“Aaaah,” he cried as he broke the connection and plopped back into his soft, padded chair. The staff in his right hand stood straight and tall held in his steady grip. Sighing as he rubbed his temples with his left hand, he relaxed and let the sights of the night replay in his mind.
“Darrin, are you controlling events or is someone behind you pulling your strings like the puppets in the marketplace?” he mused out loud. Opening his eyes, he slowly turned his head left and then right to clear the ache in his neck. Small tables were spaced throughout the room and held many items: vials, scrolls, books, herbs, rings, bracelets, mugs. A fireplace was set in the middle of one wall, but no fire burned for the night was warm. Two windows looked out upon the old city. In front of him, on another small table, sat a glass sphere. Under it was a circular metal band that kept it from rolling. Around it, drawn on the table, was a chalked circle inscribed with runic symbols.
“Simona,” he said. “Will you lead me to your sister, Megan? Do I interfere in Arthur’s plans? If he is controlling everything, taking that away from him would be simple. If he isn’t, I will need to find out who is behind him. I don’t have the time to devote to that, yet.
“Someone, either Arthur or the one behind him, is trying to replace the void created by Liriss’s absence. He is trying to use the shadow boys to aid him. They have the run of the city and know most of the city’s secrets. They would be valuable to the Night Lord of Dargon now that Liriss is gone.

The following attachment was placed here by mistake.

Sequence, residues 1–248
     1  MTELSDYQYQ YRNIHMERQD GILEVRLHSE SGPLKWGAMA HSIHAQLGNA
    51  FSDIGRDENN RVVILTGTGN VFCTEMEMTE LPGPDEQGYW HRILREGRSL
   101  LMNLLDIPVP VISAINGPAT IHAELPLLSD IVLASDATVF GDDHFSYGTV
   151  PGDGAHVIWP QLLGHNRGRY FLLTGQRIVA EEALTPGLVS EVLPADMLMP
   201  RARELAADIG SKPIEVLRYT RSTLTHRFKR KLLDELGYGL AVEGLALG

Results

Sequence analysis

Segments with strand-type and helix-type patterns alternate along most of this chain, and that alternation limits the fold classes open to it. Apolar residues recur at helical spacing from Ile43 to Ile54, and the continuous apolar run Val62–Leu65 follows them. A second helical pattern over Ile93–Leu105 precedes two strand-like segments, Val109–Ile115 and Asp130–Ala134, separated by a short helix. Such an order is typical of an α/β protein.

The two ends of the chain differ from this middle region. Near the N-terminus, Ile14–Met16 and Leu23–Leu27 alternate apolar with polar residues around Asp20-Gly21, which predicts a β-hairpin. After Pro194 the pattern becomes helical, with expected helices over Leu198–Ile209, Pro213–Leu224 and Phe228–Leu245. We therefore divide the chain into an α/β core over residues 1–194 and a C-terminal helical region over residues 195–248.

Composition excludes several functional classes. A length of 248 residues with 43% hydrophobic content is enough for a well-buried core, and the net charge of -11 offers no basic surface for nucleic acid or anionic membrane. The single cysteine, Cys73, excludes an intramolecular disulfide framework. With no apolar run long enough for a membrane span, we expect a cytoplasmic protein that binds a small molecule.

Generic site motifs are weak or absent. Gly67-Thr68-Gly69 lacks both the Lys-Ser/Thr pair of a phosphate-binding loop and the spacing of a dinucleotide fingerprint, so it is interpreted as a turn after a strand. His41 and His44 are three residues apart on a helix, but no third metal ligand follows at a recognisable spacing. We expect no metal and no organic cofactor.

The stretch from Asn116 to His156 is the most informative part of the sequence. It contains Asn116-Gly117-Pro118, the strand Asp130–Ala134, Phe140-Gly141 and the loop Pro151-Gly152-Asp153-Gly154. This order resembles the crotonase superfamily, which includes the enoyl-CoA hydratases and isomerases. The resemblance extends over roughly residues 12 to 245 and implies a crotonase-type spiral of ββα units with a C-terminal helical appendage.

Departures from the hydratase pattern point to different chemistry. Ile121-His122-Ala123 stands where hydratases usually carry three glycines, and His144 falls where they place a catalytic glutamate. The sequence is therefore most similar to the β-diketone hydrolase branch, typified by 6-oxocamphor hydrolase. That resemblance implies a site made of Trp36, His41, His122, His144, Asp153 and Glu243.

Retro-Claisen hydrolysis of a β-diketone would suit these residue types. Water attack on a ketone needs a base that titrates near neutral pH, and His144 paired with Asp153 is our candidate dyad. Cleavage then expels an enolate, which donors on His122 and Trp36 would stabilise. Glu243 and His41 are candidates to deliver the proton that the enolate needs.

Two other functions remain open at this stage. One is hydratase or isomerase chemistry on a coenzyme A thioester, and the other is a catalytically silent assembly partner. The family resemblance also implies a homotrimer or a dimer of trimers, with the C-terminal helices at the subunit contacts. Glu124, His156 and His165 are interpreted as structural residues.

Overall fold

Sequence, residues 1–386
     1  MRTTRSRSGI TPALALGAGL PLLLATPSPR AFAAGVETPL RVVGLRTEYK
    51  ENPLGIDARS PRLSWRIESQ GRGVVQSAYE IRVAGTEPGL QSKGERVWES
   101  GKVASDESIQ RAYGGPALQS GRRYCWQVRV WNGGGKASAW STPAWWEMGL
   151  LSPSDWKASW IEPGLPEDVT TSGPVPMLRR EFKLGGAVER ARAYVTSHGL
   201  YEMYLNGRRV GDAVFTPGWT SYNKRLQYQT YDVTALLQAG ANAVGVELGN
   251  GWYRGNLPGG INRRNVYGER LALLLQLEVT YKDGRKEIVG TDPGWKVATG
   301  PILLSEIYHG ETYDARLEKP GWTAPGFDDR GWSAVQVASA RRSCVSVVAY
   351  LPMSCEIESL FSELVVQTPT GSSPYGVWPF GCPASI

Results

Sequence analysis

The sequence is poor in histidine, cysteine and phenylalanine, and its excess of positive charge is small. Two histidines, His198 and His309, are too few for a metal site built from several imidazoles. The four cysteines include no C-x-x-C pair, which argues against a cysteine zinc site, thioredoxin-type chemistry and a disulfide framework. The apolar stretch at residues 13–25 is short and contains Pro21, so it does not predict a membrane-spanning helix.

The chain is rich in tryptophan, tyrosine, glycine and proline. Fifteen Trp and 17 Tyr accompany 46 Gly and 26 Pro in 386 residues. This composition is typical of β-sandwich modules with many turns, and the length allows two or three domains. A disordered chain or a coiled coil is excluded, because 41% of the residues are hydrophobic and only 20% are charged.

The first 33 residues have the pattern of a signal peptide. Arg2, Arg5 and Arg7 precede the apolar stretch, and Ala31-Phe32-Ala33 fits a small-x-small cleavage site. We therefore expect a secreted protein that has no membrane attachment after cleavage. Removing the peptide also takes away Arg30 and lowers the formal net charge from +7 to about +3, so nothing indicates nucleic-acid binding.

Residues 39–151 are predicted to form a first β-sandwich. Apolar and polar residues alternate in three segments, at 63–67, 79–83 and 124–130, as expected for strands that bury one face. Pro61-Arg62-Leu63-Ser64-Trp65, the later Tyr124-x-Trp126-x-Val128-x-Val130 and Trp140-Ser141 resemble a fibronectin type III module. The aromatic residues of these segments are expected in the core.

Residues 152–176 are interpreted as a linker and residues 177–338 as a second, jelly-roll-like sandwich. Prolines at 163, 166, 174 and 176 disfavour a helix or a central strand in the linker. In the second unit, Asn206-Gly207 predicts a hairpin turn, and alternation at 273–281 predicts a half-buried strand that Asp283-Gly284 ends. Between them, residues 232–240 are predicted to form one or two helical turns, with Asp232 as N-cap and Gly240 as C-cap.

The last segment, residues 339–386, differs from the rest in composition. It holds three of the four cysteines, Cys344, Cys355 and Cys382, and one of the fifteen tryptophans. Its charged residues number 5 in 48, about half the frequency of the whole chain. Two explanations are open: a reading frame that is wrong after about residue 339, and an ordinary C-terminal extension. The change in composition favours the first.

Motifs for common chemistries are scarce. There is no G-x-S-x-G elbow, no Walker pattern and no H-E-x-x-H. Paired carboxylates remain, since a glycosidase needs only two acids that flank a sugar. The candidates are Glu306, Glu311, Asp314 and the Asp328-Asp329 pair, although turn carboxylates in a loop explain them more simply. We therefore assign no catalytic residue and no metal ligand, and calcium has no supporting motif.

“But Megan is in dire trouble and my magic pushes me to aid her. There is no word from the Elders on what course I should take, but I believe that both need to be resolved. If I follow Simona, she will leave Dargon for Megan is not here. I have looked.
“If I stay, I believe my headaches and cramps will worsen. Magic dictates I find Megan. But it hasn’t helped me locate her, just her sister. One will find the other, I believe. Arthur and the shadow boys must wait while I search for Megan.
“Simona won’t leave tonight, though. I will have time to look in on the shadow boys …”
“I challenge leadership!” a boy called out. He stood defiant with his hands at his sides clenched tightly into fists. Ragged and curly hair fell around his face, but did not interfere with his piercing gaze. “I am Tumas and I would be king!” Whispers raced through the group of his challenge.
“There is a challenge!” another boy yelled. He was skinny and bones seemed to push out from under his skin. Blond, matted hair crowned his dirty face. “I am Geller and I hear the challenge.”
“You must accept, Shadow King,” Tumas cried out.
“Why should I?” the Shadow King asked. “You are but one amidst our family. One small homeless child among a sea of us.”
“I challenge!” another shadow boy yelled. “I am Crey and I would be king!”